Mathew Nicho, Ph.D., CEH, SAP-SA, RWSP, and Hussein Fakhry, Ph.D.
With security and privacy of information systems (IS) being key top 10 issues for IS executives since 2003, organizations have invested heavily on technical aspects of IS security and, to some extent, on compliance mechanisms with mixed success, as is evident from the growing number of attacks on organizational IS.
Data breaches (from external and internal sources), intrusions into organizational networks, and pilferage and destruction of sensitive information through network hacking have put a heavy burden on organizations in terms of investing in IS security defenses and compliance. Although organizations have numerous industry standard choices available to them for implementing technical IS security, choosing IS security governance compliance frameworks is subjective.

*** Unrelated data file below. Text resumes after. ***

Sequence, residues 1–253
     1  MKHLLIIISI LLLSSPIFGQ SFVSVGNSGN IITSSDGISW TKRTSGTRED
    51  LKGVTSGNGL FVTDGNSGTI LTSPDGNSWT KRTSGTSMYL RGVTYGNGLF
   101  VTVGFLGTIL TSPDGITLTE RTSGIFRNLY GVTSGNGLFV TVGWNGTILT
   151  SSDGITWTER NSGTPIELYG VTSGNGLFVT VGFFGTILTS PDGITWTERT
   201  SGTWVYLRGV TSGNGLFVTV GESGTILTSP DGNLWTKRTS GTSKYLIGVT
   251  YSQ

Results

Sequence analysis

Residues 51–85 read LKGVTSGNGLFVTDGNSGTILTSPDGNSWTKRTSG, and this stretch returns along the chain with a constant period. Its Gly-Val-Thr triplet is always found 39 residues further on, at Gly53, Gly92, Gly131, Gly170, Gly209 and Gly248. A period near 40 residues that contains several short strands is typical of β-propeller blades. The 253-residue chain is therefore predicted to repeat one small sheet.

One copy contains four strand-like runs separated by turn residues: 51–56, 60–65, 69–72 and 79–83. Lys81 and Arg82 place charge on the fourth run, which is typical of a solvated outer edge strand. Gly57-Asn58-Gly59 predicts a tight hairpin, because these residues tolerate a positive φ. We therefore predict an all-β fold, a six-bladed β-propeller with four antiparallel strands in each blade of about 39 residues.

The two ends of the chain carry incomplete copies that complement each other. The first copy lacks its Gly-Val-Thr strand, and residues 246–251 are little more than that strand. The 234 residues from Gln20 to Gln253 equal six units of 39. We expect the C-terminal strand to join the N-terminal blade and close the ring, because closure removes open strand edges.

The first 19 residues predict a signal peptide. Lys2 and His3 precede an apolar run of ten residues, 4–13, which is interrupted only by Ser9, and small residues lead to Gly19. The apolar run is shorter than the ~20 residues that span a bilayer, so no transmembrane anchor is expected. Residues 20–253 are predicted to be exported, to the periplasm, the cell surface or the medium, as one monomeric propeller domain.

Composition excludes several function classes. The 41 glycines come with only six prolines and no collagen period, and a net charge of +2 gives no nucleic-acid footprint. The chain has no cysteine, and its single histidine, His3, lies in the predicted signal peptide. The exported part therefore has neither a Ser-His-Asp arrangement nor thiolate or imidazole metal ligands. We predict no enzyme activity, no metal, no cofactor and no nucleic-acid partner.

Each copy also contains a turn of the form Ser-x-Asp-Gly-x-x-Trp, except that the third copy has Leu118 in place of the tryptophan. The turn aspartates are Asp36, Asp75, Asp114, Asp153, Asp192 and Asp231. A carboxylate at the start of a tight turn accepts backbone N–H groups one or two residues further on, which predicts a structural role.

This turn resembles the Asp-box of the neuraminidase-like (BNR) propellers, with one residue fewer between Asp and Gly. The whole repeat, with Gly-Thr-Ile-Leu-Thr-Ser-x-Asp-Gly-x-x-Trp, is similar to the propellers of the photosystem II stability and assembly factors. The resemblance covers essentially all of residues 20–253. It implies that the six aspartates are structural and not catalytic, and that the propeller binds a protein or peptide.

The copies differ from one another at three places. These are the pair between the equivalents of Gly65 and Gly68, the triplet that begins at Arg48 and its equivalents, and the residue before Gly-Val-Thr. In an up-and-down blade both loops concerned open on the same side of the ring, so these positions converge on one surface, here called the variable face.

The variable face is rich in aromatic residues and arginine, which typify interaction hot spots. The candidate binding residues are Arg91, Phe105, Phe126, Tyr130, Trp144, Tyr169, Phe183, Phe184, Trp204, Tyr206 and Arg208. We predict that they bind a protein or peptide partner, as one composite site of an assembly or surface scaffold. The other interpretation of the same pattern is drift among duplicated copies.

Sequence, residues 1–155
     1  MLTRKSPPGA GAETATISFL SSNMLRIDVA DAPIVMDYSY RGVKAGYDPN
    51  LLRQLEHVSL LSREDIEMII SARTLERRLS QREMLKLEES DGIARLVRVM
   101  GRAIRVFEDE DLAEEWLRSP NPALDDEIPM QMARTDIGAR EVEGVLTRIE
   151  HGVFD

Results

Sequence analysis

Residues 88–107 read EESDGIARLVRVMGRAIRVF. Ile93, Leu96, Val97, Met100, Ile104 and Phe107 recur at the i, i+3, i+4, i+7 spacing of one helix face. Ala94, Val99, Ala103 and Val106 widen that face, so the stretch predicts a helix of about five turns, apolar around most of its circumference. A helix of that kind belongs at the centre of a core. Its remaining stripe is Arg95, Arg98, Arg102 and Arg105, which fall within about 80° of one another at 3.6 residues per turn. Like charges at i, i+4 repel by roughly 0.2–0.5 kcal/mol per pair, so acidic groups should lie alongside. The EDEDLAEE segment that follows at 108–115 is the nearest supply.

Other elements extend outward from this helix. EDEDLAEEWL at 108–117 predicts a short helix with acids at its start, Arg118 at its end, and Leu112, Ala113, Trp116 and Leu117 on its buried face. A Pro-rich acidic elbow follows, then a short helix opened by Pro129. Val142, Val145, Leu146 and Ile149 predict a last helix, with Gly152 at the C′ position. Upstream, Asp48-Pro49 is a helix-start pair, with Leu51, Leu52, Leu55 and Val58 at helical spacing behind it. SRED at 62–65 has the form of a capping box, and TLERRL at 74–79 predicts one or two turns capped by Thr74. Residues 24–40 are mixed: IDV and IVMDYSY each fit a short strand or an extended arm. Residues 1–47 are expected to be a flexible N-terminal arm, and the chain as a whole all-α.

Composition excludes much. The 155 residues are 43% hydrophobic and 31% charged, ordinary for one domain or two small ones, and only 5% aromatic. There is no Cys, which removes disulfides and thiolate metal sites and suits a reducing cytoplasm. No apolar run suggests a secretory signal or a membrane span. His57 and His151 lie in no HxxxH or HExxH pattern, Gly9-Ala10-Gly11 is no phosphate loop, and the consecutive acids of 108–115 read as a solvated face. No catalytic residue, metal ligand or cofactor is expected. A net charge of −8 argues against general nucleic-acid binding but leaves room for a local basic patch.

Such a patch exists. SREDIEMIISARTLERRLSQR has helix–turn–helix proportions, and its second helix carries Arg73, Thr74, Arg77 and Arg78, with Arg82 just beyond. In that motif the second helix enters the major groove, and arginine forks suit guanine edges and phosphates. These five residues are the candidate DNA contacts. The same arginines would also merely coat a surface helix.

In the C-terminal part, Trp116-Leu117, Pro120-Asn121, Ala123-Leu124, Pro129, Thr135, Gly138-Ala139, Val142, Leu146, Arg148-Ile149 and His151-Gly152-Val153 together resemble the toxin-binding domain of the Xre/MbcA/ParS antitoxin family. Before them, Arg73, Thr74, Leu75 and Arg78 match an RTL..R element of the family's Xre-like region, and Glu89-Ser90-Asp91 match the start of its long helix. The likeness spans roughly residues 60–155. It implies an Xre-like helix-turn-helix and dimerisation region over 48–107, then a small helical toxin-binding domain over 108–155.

Researching statistics available from the Identity Theft Resource Centre (ITRC), Privacy Rights Clearing House and CSI Computer Crime Survey (US-based) over the past few years showed that major vulnerabilities in an organization’s systems come from not having adequate compliance related to nontechnical aspects of IS.
Furthermore, in our research, we identified the top 10 breaches in 2012 as reported by ITRC and found that 70 percent of these breaches occurred as a result of missing or overlooked nontechnical controls, while only 30 percent were the result of technical controls.
To provide a practical perspective, in our recent Journal article
, we analyzed each of the 10 high-profile data breach cases to identify the vulnerabilities and mapped these to corresponding COBIT 5 management practices.
After analyzing relevant IS governance and security frameworks available to organizations to mitigate breaches, we found that the security-related management practices of COBIT 5
provide adequate and effective deterrence against the identified vulnerabilities.